This production of A View from the Bridge comes from the Belgian experimental director Ivo Van Hove and what a difference this makes. In this pared down production, Arthur Miller‘s tragedy is played on an almost boxing-ring like set with no allowance for time and place. This is the story of the Brooklyn longshoreman, Eddie Carbone and his obsession with his niece, Catherine but it’s also a universal story of the destruction of a family.
The play begins on a bare thrust stage with a new scene in which Eddie, played by a toned and almost too attractive Mark Strong, washes away the grime from a day at the docks. He is greeted home by his wife Beatrice and embraced by Catherine, his 17-year-old niece, who lives with them and has been raised as his own daughter.
Immediately, you notice that things aren’t quite right in the Carbone household when Catherine jumps into Eddie’s arms and wraps her legs around his waist. She is 17 after all. Fittingly for Miller’s Greek tragedy, he gives us a one-man chorus in the form of a lawyer, Alfieri, who narrates the story of Eddie and hints at the disaster to come. But we are soon distracted by the arrival of two illegal Italian immigrants who are Beatrice’s cousins. They’ve come to America looking for work and opportunity. Catherine, who has been kept home as much as possible and dreams of starting her life and escaping these confines, is immediately smitten with Rodolpho, the younger of the two brothers, to Eddie’s anger and resentment.
As the tension builds and taunts become more aggressive, an overdose of testosterone leads to rage and violence. We watch, powerless, knowing full well that disaster will strike. The only question remaining is when and who will be the winner. A part of me wanted to stand up and tell them to stop. It is an exercise in frustration similar to watching a car crash in slow motion. If you could only stop it before it is too late. Van Hove plays on this even slowing down the dialogue with long pauses between statements. I felt it was an exceptional directorial masterstroke.
Eddie, like most classical heroes, has a tragic flaw that will be his undoing. From his point of view, all he wants is a better life for his niece than the one he had himself. On the other hand, he is in denial about his lust for Catherine and even shocked by Beatrice’s knowing understanding of what is really at the heart of Eddie’s rage. His desire for a younger woman and his inability to let her have a life with another man.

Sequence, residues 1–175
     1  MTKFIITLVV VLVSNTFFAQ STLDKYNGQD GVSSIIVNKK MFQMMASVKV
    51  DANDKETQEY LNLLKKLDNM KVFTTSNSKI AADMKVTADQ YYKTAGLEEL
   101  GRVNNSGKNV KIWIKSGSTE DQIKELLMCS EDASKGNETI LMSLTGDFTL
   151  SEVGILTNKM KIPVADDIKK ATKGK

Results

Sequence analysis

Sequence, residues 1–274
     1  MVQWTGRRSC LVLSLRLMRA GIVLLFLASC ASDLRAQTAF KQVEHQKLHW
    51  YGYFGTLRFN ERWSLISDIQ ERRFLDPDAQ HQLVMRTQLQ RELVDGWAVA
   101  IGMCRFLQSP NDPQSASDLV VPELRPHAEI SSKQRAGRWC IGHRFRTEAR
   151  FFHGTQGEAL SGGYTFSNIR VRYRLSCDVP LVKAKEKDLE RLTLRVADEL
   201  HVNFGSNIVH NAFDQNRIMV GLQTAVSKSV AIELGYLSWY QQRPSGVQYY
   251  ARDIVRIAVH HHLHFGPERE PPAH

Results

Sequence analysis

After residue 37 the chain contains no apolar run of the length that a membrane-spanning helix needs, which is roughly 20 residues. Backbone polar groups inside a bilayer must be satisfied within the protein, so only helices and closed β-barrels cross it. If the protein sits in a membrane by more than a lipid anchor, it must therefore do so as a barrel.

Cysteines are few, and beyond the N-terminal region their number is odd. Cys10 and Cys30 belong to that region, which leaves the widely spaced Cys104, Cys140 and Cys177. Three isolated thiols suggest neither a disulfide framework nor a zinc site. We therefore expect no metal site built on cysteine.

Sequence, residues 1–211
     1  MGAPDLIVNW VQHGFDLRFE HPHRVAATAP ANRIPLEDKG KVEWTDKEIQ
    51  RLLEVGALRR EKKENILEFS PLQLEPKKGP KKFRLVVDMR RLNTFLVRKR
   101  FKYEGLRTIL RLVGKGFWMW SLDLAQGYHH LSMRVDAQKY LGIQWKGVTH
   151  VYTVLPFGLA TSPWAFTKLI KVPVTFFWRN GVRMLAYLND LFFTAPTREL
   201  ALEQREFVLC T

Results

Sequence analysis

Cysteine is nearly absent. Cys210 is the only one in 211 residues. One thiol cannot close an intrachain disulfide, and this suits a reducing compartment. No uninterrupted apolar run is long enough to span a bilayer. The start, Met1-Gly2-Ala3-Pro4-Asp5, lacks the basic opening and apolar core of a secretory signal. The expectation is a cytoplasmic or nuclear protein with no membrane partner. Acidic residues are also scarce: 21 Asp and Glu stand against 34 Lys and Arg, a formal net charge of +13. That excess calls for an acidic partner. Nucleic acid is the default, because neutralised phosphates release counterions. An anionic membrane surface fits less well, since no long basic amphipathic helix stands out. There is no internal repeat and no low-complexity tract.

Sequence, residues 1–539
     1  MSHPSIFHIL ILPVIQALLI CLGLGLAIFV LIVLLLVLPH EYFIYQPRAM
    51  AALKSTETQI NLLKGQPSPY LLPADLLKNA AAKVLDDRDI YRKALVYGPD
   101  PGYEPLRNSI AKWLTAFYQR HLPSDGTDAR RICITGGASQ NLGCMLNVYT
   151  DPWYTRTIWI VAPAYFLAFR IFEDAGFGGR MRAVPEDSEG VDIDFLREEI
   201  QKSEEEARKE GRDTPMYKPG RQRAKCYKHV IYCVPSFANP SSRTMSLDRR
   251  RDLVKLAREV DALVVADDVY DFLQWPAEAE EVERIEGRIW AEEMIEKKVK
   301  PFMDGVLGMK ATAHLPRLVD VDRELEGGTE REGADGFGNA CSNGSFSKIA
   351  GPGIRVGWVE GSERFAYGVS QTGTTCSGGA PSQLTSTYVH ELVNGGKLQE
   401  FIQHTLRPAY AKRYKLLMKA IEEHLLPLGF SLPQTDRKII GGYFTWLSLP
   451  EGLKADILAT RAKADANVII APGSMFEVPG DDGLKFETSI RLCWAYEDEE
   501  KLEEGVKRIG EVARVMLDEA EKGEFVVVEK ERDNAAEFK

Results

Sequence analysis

Mr. Strong is superlative as Eddie, a study in denial of a certain kind of man who is all action and no introspection. Nicola Walker is moving as the warm and frustrated wife who can only stand by as the man she loves wrecks his life and that of everyone around him. Phoebe Fox is very good as a girl on the cusp of womanhood who gradually come to understand what Eddie cannot admit. Rodolpho, played by Luke Norris, is both honest and amusing, though Van Hove’s decision to make him outraged and violently protests the idea that he might want to marry Catherine solely to stay in the country, seemed out of character. Emun Elliot is outstanding as the solid and earnest Marco. Michael Gould channeled his inner Saul Goodman to bring us a small time lawyer who tells of this unsavory tale.
The design by Jan Versweyveld conveys a sense of caged animals and brilliantly captures the plays undercurrents. The sparseness of the staging extends to the barefoot actors and unobtrusive costumes designed by An D’Huys, though Catherine’s skirt and jumpers seemed oddly out-of-place. Tom Gibbons who designed the sound added Fauré’s Requiem to many scenes. And While I did like the music and pulse noise (a bit like the ticking of a clock), I found that, on the whole, they annoyed me more than anything. At one point, the music is decidedly ominous but this drags on for far too long. Great sound should add to the drama in an unobstructive way and that was not the case here.
I know I’m nit picking at this point but there were a few instances when I thought the direction was a bit too insistent. Miller is subtler with Eddie’s longing. Did we really need Catherine to jump into Eddie’s arms and wrap her legs around his waist three times? These are instances where less would be more. All that being said, this staging of Miller’s classic is visceral and honest, bringing to life a universal tale of sexual longing and destruction. Eddie’s unhealthy obsession leads him to betray his own clan and closes on a powerful and bold climax.